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Midlands Voices: Our leaders and institutions must do a better job of local racial dialogue

Midlands Voices: Our leaders and institutions must do a better job of local racial dialogue

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When James Scurlock was killed by Jake Gardner, Omaha was already wrestling with the widespread angst over racial justice in our nation. The subsequent drama from this incident has hurt our wounded community even further. It didn’t start out this way.

The initial decision by the County Attorney’s Office to bring no charges against Gardner was met by anger and hurt, but Douglas County Attorney Don Kleine made the temperate, appropriate decision to allow a grand jury to review the case. At the time, he stated he had “no problem with any oversight about (our) decisions. … I welcome and support the calling of a grand jury to review evidence in this rare instance” (Omaha World-Herald, June 3). This struck a different tone than that of many prosecutors across the country and, indeed, helped to ease tensions in our community. Unfortunately, that moderate tone was short-lived.

What followed the grand jury’s indictment was a series of escalating and needless dramatic events that were as divisive as they were un-Nebraskan. It started out calm enough; when special prosecutor Fred Franklin announced the indictment, he did so with appropriate appreciation for Kleine and his office. Kleine bizarrely responded by publicly panning the special prosecutor whom he had chosen and made comments about Scurlock “terrorizing” others and that he “did not consider him a victim.” These statements were irrelevant and sent a message that was opposite of the reasonable and impartial sentiment that he showed in supporting a grand jury.

Indeed, Kleine’s new message was that he was not afraid of oversight so long as it agreed entirely with his conclusions. This set up a series of additional public statements expressing shock and outrage and caused the Nebraska Democratic Party (NDP) to pass a public resolution condemning Kleine’s statements. This resolution included the incendiary charge that Kleine’s words “perpetuated white supremacy” and was apparently done without any attempt to reach out to Kleine first. In the aftermath, given the respect he has earned from the legal community, it was no surprise that many defended his integrity, setting up a further divide, and lines were drawn.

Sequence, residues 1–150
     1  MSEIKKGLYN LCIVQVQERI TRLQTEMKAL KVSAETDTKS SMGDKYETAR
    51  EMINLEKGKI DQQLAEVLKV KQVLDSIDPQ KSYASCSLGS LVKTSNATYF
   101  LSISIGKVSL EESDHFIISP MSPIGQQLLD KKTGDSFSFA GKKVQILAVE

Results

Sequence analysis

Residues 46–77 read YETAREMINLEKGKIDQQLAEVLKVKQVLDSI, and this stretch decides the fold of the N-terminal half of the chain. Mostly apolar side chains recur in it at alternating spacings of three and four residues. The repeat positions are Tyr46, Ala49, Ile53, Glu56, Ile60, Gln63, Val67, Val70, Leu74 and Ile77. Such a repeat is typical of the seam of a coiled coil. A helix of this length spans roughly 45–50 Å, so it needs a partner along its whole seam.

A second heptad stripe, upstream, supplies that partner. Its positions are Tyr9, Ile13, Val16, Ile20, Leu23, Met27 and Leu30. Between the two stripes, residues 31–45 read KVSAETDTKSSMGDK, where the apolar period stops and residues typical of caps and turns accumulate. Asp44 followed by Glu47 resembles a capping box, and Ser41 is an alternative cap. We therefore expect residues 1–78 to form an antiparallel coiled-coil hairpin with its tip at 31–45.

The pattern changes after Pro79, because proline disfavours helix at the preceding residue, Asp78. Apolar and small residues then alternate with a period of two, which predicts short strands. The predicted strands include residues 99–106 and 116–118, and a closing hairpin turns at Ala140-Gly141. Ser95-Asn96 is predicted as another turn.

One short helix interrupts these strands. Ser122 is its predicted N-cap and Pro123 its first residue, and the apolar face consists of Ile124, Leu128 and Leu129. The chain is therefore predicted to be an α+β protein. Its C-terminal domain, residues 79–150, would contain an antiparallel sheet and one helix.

Kleine then upped the ante by switching parties at a political pep rally and, in a final salvo to the NDP, announced his vote for Donald Trump (he noted they were both “law and order” guys — a phrase well-known for its racial overtones), all while proclaiming that he couldn’t stand by to watch his office “become politicized.”

So here we are, divided as ever. There were several places where small actions could have made the difference. Kleine, given his high standing and deep relationships, could have issued a stand-alone statement about racism, or could have omitted the superfluous adjectives he used to describe a deceased person of color, also a member of our community, whether Kleine saw him as a victim or not. Better yet, he could have said nothing publicly after the indictment.

The NDP could have softened the tone of the resolution, or at least added a statement acknowledging Kleine’s years of service and the esteem he brought to the party from the legal community. They should have given a well-known Democrat an opportunity to respond before publishing the resolution. And while it is his purview to change his affiliation and to vote for whomever he chooses, Kleine certainly could have done this more subtly.

Nebraskans have work to do to engage in a comprehensive discussion about race, law and community. Press conferences and media stunts are as destructive as they are entertaining and will never take the place of authentic conversations. Can our leaders demonstrate kindness and humility, rather than a bloodthirst to get in the “last word”? This current example does not suggest promise.

Rebecca K. Murray, Ph.D., is a professor of sociology and criminal justice at Creighton University. This essay expresses her views only and not those of Creighton University.

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